solar system comprised of panels with peak ratings of approximately 37W. When tested
in 2002, each panel registered a peak rating of 34W, only 9% less than the original.6 The
results of this study suggest that while solar panels do indeed degrade, their projected
lifespan is much longer than 25 years.
5. Cost Per Solar Panel ($): As mentioned above, the average cost of an instate system is $4.70/W with an average system size being 5.5kW. This means that the
total cost of the system is $25,850. Using the cost breakdown provided above, roughly
70% of that cost, or $18,095, goes to equipment costs, of which covers panels. Thus,
in-state panels are priced between $700-$800 a piece. The same method was used to
estimate the cost of each out-of-state system, which averages approximately $3.75/W or
around $20,625 total. As 60% of that total cost goes towards equipment, of which is
used for panels, out-of-state panels cost between $480-$550 each. The cost breakdowns
used in the calculations provided above were given by Mike Rehder of Artisan Electric.
6. Installation year: While a straight-forward variable, installation year has a
large effect on the NPV of a project as the federal solar tax rebate is set to expire in 2016
and state-level utility production incentives will most likely be reduced in 2020.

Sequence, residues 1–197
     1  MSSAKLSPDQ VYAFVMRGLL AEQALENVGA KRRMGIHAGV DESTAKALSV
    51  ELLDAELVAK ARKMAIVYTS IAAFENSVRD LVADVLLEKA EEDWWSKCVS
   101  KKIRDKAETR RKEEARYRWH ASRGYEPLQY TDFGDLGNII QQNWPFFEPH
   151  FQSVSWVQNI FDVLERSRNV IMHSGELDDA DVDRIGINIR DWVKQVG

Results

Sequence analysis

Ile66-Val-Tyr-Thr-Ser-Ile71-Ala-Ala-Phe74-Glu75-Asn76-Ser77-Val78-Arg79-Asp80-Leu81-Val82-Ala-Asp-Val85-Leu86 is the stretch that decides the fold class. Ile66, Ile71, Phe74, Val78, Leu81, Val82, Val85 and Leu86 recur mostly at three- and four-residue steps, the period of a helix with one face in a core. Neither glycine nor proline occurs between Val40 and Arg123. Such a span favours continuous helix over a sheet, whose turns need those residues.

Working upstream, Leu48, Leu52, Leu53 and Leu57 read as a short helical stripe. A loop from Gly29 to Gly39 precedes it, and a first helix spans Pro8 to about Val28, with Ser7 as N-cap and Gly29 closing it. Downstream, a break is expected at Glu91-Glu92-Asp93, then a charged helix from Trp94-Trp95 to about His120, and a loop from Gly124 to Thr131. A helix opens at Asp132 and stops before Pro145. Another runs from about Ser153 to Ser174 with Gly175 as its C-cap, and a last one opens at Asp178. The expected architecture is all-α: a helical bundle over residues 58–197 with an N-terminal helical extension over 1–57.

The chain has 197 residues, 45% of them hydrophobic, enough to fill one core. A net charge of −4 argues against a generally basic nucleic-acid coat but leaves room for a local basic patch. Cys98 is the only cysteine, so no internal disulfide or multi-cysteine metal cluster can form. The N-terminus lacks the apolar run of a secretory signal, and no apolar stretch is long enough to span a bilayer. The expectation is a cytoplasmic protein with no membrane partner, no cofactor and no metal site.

7. Cost of Inverter ($): The average cost of an inverter is 20-30% of the
overall equipment cost of a project. Thus, an in-state inverter costs between $3,600$5,400, and an out-of-state inverter costs between $2,500 to $3,700.
8. Cost of Installation ($): The total cost of installation is the same for both
in state and out of state systems, at around 30% of the total cost for an in state system and
40% for an out of state system. This number is roughly $8,000 total.
9. Increased Home Value ($): The increased value of a home as the result of a
solar system is similar to ones willingness to pay for solar in that it varies greatly from

6 Chianese, D., Realini, A., Cereghetti, N., Rezzonico, S., Bura, E., Friesen, G., 2003. Analysis of weather c-Si PV
modules. Proceedings of 3rd world conference on photovoltaic solar energy conversion.